Later that morning we dived Batu Payung which is a nice wall dive with very healthy coral gardens at a shallow depth. Early in that dive we saw a big bumphead parrot fish with a remora. From there we then moved to Pulau Besar where we dived that afternoon Karaka where we saw all kinds of life including different nudibranches as well as great barracuda and dog tooth tuna. While many of our fellow divers did a dusk dive to see mandarin fish mate, we enjoyed the beautiful scenery and sunset from the top deck; followed by drinking some Bintang beer and watching the full moon.
On our second diving day we had our first dive near Pulau Besar and dived a site called Lava Flow. This site is quite well-known after the volcano Gunung Ape erupted in 1988 and lava covered all corals. Since then, in only 20 years, table corals and other hard corals have grown enormously at a rate rarely seen elsewhere. It was amazing to see how quickly coral had grown back. While the fish life was okay, the fascinating coral growth was very, very impressive. Later that morning and mid afternoon we moved to Kanang Hata and dived Hatta Wall twice in different directions. There is a nice arch entry point and very healthy coral growth on the wall and at shallow depth. One of the highlights of the first dive was a banded sea snake that was swimming around openly which provided a great opportunity to observe this sea snake more fully and for a lengthy period.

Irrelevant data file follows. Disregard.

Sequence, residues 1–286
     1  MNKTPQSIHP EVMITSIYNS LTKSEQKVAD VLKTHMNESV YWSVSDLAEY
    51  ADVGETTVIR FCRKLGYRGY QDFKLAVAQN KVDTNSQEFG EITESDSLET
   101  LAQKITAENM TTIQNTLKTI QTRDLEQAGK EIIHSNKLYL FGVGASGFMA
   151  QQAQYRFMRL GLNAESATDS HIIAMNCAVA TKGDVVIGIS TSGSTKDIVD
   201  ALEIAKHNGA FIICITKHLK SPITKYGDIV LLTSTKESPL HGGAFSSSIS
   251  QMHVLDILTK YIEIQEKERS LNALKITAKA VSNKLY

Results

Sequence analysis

The next day we explored Pulau Naira and spent the morning walking through this historic little town. The town has interesting houses dating back from the Dutch and English times as well as the well-kept Fort Nassau which is worthwhile walking to. The view from the fort is fantastic overlooking the waters around the island. This excursion on land was followed by two dives: Batu Kapal and Pohon Miring. The first site features a sizable pinnacle that is covered with huge colourful sea fans - an amazing surrounding. Amongst the typical coral fish we also saw a giant moray eel and a school of midnight snapper. Pohon Miring is a wonderful wall dive with a swim-through channel and a lot of soft and hard corals as well as all kinds of fish.